Philadelphia Zoo Elephant Exhibit Closure

People have always been fascinated by elephants. When the Philadelphia zoo was first opened in 1874, people saw the first elephant tied to a tree and kept gazing at it for quite a while. Elephants delight most people and are part of one of the biggest attractions at the zoo. They have also been featured on posters and gained widespread popularity, especially among the younger crowds.

The Philadelphia zoo is considered one of the best zoos around the world, but it has also been criticized by many. The zoo had state of the art equipment and facilities in the late 1980s. However, recently, most animal rights supporters have protested against the zoo’s small enclosures and inconsistent design compared to the natural habitat of the animals.

Furthermore, the death of an elephant in 2014 gained a lot of attention from animal rights activists, which caused the zoo to close its gates and place the elephants elsewhere. Studies have suggested that animals are smarter than we may think. They can understand emotions just as well as humans can. Thus, the elephants are capable of feeling anxious and depressed when they are removed from their natural habitat. The animal rights activists argue that even the best zoos hold the animals in confinement and captivity, which is unfair to these poor helpless creatures.

Research suggests that elephants need an environment where they can look for their own food and build social connections with other elephants. If such an environment is not provided to elephants, they don’t tend to function properly and may not be able to reproduce.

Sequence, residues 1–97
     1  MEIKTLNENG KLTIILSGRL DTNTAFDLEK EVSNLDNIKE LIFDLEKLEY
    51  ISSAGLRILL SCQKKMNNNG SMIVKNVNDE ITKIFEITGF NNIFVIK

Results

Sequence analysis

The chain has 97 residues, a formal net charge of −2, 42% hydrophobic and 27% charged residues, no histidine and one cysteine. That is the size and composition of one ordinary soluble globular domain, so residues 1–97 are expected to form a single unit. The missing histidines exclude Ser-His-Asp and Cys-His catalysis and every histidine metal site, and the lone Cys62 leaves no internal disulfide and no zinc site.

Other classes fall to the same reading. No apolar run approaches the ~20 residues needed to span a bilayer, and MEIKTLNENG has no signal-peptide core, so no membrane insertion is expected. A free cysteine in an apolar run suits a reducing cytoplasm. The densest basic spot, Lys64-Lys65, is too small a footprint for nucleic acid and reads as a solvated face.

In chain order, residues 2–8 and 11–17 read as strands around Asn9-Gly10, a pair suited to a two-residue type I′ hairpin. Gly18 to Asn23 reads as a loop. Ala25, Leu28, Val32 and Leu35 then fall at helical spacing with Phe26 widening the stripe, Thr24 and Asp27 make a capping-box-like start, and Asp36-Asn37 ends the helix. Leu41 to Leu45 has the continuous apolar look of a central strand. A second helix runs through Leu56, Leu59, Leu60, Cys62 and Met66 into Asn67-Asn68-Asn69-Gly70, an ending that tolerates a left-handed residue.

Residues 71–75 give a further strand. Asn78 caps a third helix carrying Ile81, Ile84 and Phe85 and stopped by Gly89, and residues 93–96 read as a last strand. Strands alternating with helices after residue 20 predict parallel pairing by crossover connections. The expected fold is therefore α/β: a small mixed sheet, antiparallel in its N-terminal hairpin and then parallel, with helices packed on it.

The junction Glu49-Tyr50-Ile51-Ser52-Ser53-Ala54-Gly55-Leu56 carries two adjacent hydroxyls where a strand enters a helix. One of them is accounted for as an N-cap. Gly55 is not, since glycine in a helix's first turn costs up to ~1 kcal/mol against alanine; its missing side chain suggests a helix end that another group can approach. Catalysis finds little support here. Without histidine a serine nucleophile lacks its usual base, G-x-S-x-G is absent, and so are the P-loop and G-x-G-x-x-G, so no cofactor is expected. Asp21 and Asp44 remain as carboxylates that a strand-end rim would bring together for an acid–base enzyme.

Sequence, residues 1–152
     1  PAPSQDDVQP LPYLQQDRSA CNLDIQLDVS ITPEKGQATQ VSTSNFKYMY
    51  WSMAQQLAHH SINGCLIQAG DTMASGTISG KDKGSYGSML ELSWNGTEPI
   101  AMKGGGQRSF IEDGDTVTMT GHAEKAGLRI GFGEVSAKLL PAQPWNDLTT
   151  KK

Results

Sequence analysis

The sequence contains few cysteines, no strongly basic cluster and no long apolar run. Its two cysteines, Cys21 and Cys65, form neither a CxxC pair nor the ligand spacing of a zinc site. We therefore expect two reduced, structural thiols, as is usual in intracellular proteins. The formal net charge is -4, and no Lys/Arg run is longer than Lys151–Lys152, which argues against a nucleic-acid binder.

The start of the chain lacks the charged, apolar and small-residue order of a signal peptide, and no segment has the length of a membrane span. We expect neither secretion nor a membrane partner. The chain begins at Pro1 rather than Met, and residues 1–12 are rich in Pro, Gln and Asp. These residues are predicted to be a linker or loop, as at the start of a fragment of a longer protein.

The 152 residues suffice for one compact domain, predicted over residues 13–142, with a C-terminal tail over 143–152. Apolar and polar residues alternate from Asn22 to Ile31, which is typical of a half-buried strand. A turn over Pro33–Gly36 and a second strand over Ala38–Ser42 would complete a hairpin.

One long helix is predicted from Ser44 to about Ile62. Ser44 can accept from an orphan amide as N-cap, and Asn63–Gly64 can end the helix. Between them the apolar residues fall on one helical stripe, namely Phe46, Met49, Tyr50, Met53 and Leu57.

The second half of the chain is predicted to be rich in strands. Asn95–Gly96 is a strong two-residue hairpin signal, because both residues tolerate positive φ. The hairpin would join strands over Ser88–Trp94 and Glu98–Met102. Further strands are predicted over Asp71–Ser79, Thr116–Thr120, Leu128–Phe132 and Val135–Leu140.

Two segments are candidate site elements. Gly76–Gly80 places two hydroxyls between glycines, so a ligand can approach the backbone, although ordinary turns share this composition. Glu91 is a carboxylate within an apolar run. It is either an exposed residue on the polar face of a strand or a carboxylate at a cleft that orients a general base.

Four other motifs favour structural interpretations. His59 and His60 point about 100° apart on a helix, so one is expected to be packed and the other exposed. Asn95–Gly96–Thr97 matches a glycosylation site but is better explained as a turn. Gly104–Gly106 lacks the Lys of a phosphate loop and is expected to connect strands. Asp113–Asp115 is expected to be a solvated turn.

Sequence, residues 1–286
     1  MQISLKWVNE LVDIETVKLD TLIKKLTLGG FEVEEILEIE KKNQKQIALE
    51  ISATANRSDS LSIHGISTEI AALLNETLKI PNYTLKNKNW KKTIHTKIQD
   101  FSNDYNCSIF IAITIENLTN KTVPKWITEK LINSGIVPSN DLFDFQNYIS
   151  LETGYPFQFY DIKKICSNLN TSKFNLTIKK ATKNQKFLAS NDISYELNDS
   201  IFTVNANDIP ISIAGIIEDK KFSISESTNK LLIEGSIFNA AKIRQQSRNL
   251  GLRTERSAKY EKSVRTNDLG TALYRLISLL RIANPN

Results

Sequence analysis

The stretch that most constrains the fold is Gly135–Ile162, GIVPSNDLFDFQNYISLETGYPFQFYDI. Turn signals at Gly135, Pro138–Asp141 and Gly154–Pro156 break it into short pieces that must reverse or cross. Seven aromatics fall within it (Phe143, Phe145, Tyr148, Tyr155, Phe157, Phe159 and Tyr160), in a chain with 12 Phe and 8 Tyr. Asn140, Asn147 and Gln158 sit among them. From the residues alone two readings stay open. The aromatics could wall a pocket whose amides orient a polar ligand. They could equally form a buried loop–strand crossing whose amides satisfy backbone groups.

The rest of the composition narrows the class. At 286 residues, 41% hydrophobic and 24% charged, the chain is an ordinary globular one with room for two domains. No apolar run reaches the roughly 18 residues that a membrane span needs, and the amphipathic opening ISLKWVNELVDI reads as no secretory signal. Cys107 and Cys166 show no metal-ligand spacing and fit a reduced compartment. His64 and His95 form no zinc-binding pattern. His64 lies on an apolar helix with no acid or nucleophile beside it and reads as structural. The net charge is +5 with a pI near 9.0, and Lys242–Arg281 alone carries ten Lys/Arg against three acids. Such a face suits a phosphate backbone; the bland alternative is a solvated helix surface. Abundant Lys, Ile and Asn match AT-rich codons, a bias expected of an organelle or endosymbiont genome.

The Philadelphia zoo took the decision to close its elephant exhibit and transfer all of its elephants to a new facility. The elephants were scheduled to be transferred to different locations as there were sometimes fights between the older and the younger elephants. In one incident, one of the younger elephants had seriously injured the older elephants, which made the authorities realize that they should be separated.

The zoo had previously hoped that it would create a bigger enclosure for its elephants. However, due to a lack of funding and pressures from animal rights activists, it was decided that the elephants needed to be moved to new locations after all. The zoo retracted its decision to improve the enclosures in 2006, and it was apparent that the elephant exhibit would be closed for good.

The future of the Philadelphia zoo seems to look very bleak as there is a constant funding problem. The animal enclosures cannot be expanded due to lack of funds, which also contributes to poor planning and infrastructure. The zoo needs to reconsider its plans for raising funds in order to thrive again and make a better place for the animals to live.

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